It is also a refusal to acknowledge the phenomenon of “devoluciones”, the return of voting application forms which Correos were not able to deliver. This happens on a large scale. Orihuela Costa is a prime victim. In the autumn of 2006 we were told that 12,500 voting application forms had been returned undelivered, nearly 75% of the total sent. The reason for this massive non-delivery of voting application forms is because Orihuela Costa did not have at the time an official address system. Street names and house numbers were those provided by developers and did not correspond to padron addresses to which the Censo Electoral sent voter application forms. Orihuela Town Hall had not even modified an out of date post code. Since 2008, after legal action and a Petition to the European Parliament, Orihuela Costa now has a physical address system which largely corresponds to padron addresses. The bombshell is that the 12,500 who were on the padron before May, 2007 will not receive voter application forms this time either.

      The phenomenon of “devoluciones” is not unique to Orihuela Costa. In October-November, 2006, we saw with our own eyes in the Alicante office of the Censo Electoral trays full, literally thousands of returned undelivered voting application forms from elsewhere in Alicante province. We can only assume that similar address problems or postal unreliability were the explanation.

      We know that your principal concern in AUN is with urban abuses but a great majority of these problems probably arise from corruption or bad governance by local Town Halls. More effective participation by expats in local government would be a way of controlling such abuses – politicians listen to voters. More effective participation begins with greatly increasing voter registration.

      The latest decision, if confirmed, will not contribute to greater voter registration by expats. This consequence must be realised by the government – we have emphasised it with our contact in Madrid. He told us that there would be no announcement of this restriction, it would simply be observed in practice. However, the Censo Electoral would study the situation in the three weeks or so after the announcement, later this week, of the general arrangements. Implicitly, there would seem to be a possibility of a change of position depending on the reaction. However, by not announcing the restriction and perhaps not making it explicit in any published regulations, they are not facilitating any critical reaction!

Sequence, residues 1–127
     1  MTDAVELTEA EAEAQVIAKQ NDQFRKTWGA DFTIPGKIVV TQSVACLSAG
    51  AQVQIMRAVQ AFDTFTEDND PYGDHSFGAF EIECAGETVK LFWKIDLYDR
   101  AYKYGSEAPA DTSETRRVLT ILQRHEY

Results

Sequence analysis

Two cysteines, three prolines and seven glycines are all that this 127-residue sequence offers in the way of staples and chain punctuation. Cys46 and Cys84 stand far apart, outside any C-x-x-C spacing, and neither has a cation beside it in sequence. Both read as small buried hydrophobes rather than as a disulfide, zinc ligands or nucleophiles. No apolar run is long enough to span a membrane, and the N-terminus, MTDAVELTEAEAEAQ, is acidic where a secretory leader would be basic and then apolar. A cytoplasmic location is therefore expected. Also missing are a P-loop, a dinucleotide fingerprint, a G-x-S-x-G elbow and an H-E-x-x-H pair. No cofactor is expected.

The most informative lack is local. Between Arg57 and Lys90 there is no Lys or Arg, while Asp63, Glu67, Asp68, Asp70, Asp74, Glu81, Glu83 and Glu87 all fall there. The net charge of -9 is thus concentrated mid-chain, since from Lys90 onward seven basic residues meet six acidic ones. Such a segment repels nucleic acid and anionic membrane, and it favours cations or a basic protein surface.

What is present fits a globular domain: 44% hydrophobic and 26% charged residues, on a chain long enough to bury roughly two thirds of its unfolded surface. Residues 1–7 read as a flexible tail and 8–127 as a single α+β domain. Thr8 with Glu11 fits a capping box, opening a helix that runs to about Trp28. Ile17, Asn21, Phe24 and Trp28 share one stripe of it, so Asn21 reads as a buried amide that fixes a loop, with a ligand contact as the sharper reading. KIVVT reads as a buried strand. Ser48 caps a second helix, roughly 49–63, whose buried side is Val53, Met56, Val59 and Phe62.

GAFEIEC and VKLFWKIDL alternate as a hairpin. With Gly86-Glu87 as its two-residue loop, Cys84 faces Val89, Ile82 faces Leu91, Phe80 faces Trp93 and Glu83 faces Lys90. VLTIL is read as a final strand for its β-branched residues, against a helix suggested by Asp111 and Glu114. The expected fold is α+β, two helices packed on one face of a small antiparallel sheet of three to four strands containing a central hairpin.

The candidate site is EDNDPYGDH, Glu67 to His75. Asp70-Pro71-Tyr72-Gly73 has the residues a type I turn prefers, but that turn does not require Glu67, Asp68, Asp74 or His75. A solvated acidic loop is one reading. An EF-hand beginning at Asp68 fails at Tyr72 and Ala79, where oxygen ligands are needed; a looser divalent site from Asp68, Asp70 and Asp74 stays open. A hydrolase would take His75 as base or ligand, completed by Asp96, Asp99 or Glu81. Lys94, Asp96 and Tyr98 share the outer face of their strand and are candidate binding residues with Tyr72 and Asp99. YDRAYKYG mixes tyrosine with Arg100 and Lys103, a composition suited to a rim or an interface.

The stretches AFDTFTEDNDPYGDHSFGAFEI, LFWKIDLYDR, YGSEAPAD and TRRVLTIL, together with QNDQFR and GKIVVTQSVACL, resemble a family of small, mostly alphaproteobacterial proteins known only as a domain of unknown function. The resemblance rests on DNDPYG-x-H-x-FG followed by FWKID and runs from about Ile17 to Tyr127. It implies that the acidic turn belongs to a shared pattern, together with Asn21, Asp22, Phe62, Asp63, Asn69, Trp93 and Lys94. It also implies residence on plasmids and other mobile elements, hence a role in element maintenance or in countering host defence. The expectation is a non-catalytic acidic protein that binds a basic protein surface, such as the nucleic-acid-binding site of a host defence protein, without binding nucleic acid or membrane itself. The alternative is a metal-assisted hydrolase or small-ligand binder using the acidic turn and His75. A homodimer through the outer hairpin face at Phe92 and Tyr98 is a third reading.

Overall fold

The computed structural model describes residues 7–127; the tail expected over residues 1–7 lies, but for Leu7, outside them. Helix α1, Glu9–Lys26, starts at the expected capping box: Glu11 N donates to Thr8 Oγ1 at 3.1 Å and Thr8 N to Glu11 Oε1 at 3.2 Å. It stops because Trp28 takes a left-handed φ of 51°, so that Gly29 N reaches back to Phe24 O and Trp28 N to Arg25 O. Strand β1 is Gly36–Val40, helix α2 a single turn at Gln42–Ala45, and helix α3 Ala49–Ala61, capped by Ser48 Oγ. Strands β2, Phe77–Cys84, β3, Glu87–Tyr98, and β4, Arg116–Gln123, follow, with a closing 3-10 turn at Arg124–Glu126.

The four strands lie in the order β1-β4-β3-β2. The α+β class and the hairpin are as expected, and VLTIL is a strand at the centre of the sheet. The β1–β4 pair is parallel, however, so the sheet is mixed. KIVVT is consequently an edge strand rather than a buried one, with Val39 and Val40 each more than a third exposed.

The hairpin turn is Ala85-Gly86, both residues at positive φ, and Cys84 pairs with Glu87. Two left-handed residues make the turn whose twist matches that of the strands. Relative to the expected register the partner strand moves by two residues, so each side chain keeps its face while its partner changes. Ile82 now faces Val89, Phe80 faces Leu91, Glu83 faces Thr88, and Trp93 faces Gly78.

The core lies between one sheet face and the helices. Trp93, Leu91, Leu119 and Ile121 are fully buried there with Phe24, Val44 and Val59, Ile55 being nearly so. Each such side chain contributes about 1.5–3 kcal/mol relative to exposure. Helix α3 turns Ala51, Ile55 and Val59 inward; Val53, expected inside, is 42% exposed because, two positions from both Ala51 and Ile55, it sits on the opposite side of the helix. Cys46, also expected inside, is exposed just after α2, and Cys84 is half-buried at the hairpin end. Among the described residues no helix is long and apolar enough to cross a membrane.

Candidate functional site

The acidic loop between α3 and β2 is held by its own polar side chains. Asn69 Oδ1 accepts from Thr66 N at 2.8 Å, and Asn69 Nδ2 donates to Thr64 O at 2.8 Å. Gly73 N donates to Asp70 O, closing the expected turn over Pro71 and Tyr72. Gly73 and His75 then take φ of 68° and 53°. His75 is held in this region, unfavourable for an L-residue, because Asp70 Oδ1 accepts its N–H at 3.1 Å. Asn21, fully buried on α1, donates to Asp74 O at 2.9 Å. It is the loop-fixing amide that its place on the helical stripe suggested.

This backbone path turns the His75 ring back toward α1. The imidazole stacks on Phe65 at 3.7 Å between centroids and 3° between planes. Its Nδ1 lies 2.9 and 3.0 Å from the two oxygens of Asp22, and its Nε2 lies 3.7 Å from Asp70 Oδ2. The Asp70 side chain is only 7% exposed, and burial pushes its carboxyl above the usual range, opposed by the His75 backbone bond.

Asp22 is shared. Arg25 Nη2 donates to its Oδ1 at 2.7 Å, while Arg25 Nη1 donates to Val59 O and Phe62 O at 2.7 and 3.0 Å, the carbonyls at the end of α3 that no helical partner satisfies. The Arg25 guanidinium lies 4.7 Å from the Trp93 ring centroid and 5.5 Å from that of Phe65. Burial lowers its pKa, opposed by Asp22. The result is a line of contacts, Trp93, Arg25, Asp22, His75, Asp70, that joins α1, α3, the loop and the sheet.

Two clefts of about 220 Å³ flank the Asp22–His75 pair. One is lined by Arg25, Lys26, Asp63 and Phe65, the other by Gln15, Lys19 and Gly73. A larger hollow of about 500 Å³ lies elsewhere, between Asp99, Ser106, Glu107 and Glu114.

We are so concerned by this retrograde measure that we plan to launch a media protest involving local, national and international media, letters to EU Ambassadors in Madrid, Ombudsmen and if there is a base, legal action and action with the European Parliament. We are also contemplating a demonstration in front of the office of the Censo Electoral in Alicante. This will involve a lot of activity in the next 3 weeks.

      We would greatly appreciate your comments and if you have contacts in a position to be informed of what is intended, confirmation of what we have been told.

      Bob Houliston


    • #100526

      Having been on an election table and having had to help just about 80% of all expats that went to vote; I think this is a terrible measure, especially in areas where the expats live in the outskirts in urbanisations like Torrevieja. Not much gets done in these areas but plenty is done in the port, main street…this is because people don’t vote in these areas and they have every right to. I think that my census was made up of about 70 % expats and not even a tenth of these went to vote, either out of misinformation or lack of information about each party’s electoral promises (be them as they are).
      Torrevieja has a PP government for over 20 years…and things aren’t getting better. I’m not saying that they should change, but I am saying that a bigger representation by a the expats would definitely shift municipal works and investment to other areas in the municipality.

    • #100753

      Rather than our right to vote being under threat, it’s now our influence on the vote, since the Govt has just gerrymandered in the Ecuadorians, Colombians, Peruvians and a few more (an exclusively southern hemisphere list that oddly includes the New Zealanders) into the equation.
      I wonder if the UN inspectors will come and check things out here. No? Thought not.